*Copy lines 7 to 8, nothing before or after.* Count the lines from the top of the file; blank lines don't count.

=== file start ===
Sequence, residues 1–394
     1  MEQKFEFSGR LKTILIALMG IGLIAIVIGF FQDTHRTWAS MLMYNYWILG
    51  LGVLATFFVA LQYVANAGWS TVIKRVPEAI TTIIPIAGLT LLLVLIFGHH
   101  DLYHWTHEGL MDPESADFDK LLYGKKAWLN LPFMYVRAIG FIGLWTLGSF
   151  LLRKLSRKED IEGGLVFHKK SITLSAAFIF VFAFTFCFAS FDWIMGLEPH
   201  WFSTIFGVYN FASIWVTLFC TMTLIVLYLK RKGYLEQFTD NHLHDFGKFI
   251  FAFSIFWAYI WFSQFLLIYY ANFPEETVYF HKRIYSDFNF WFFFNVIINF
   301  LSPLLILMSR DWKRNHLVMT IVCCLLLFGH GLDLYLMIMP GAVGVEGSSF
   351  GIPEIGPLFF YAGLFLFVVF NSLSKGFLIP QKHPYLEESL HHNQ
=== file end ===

   251  FAFSIFWAYI WFSQFLLIYY ANFPEETVYF HKRIYSDFNF WFFFNVIINF
   301  LSPLLILMSR DWKRNHLVMT IVCCLLLFGH GLDLYLMIMP GAVGVEGSSF